Visiting African delegation hopes to create ties with Pacific and other U.S. universities
Sheila Olivia Niinye, a college administrator from Uganda, stared into the sky at the outline of University of the Pacific’s dominant edifice.
“Simply amazing, your Burns Tower,” she said.
Niinye was part of an eight-nation African delegation, sponsored by the State Department, that visited the United States for three weeks recently to study best educational practices and build partnerships.
Global Ties, the business that organized the trip, reached out to Vice President for Diversity, Equity and Inclusion Mary Lomax-Ghirarduzzi to invite Pacific to host. Organizers said they were looking for a West Coast private school to visit.
The delegation of approximately 25 was comprised of higher education leaders from the Democratic Republic of the Congo, Cote d’Ivoire, Ethiopia, Mali, Nigeria, Somalia, Uganda and Zimbabwe.
“I am in charge of international relations for my university,” said Niinye, of Mbarara University of Science and Technology. “My purposes on this trip are creating networks, exploring partnerships and studying the practices that we might be able to apply back in our home countries.”
Pacific’s enrollment has soared to record numbers largely behind an influx of international students–872 in total, from 67 countries and six continents. However, there are only 13 students on the Stockton Campus from Africa, said Patrick Wolak, director of international student and scholar services.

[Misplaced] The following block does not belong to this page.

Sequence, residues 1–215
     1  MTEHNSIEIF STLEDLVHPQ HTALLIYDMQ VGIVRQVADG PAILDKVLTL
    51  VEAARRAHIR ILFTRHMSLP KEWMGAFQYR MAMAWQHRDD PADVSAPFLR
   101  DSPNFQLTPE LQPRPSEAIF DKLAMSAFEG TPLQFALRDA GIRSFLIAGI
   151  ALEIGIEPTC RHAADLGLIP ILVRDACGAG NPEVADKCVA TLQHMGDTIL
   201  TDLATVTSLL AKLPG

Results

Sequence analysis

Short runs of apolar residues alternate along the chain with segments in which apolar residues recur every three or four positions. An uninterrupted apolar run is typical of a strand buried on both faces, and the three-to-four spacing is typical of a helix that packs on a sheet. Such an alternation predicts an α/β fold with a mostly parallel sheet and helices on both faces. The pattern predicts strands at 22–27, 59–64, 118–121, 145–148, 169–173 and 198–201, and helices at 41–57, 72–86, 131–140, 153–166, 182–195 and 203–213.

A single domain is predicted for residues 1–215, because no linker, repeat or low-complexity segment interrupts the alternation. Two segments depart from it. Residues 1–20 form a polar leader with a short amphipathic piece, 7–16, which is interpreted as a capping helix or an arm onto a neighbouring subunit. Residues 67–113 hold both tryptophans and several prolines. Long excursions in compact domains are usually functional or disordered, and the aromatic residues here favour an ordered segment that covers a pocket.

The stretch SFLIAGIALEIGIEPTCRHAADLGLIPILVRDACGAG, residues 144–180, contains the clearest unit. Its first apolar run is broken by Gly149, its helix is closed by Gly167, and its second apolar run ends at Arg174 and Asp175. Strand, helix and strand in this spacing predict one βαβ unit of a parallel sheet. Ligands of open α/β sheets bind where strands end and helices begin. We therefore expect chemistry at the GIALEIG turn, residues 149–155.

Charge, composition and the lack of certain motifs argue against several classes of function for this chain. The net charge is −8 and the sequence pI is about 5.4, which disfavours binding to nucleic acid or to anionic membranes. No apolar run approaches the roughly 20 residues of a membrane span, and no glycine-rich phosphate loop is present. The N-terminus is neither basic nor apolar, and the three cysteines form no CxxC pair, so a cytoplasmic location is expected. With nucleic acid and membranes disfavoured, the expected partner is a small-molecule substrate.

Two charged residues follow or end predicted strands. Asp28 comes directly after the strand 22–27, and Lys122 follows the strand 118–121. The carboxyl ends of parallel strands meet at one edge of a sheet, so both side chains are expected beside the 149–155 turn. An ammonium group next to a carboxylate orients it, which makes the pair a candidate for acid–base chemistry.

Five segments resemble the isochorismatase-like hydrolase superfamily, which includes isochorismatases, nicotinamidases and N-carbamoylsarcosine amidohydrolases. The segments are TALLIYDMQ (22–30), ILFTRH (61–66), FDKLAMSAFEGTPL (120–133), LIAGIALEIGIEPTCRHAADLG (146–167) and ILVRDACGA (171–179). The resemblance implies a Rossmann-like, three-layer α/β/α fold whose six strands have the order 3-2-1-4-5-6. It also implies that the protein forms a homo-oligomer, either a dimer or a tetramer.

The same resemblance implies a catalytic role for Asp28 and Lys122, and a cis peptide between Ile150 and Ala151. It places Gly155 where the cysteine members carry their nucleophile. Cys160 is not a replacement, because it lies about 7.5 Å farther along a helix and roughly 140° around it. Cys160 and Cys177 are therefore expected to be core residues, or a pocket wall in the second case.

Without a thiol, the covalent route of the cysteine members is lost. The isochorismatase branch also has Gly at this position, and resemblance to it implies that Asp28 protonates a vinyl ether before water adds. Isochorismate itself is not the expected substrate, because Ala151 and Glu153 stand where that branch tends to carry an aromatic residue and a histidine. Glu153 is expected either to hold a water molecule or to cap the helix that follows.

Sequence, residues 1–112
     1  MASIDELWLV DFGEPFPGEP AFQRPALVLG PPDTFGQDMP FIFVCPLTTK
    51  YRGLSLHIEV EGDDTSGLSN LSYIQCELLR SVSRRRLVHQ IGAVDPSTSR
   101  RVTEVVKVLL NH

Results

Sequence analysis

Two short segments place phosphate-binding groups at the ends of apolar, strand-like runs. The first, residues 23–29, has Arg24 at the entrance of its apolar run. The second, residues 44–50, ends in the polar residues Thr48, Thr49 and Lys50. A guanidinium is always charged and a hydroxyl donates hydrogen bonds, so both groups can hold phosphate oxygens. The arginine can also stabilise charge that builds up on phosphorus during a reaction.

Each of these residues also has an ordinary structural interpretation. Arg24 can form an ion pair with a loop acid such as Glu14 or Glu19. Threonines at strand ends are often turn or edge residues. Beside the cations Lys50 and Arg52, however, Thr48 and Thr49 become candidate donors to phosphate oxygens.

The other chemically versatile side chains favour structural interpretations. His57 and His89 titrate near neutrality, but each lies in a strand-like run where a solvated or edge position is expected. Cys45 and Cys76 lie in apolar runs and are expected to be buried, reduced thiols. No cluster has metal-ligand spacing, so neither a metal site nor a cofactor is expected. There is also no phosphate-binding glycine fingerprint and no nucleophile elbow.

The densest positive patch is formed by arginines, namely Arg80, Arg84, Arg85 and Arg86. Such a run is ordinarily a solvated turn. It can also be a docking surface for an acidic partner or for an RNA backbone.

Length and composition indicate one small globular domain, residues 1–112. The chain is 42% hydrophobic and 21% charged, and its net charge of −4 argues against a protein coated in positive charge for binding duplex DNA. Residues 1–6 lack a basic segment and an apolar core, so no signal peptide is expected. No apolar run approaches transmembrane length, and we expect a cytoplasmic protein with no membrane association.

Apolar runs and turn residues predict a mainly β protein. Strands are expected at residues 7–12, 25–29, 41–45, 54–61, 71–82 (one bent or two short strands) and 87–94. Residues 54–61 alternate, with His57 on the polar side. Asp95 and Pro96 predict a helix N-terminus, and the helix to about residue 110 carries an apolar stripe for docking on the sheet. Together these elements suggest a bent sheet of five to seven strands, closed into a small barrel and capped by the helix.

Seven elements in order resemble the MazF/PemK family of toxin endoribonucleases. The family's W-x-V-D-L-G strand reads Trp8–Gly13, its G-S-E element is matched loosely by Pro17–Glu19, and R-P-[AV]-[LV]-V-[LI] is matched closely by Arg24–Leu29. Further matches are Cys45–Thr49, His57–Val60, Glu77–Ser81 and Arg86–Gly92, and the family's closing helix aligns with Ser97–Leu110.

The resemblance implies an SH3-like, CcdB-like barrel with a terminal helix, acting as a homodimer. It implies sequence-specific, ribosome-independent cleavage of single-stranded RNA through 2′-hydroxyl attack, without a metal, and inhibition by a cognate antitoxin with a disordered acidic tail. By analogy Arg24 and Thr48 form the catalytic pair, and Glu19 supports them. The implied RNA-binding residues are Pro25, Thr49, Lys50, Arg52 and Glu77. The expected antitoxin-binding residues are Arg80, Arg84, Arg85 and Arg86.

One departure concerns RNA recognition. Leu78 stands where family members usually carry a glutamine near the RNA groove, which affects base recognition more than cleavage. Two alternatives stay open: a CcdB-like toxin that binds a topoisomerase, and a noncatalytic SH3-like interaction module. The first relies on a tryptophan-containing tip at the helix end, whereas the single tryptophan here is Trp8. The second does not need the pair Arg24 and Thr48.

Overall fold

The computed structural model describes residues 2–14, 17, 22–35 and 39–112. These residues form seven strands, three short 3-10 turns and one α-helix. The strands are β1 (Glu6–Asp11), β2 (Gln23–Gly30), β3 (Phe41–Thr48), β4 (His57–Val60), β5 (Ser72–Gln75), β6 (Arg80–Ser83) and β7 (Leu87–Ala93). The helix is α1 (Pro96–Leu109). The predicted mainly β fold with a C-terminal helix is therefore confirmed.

“More scholarships that are targeted toward different African communities would help,” said Divine Atah ’25, a third-year computer science student from Nigeria. He was one of five students to take part in a panel discussion at the Bechtel International Center. “Advertisements would work, too. I learned about Pacific through an advertisement.”
Added Emmanuel Oladeinbo ’23, an international relations student from Nigeria, who also was in the panel discussion: “There are not many of us, but I have created ties with other African students here at Pacific. I would love to see the African enrollment increase.”
Participants were treated to a tour of campus, a meeting with Pacific faculty and staff and lunch.
“This program is one of the oldest of its kind, going back to World War II,” said Rachel Russell, a native of Burkina Faso and international visitor liaison for the State Department. “We also have trips that focus on science, engineering, culture and more.”
Provost and Executive Vice President Gretchen Edwalds-Gilbert is hopeful the visit will lead to dialogue and collaboration.
“We learned about priorities at the different universities and how Pacific could partner with them,” she said. “For example, one university has faculty interested in studying climate change, which is a global problem, and would like to find partners with expertise. Pharmaceutical development and regulation was also mentioned as a potential area of shared interest.
“We look forward to following up with virtual meetings with Pacific faculty and potential partner institutions.”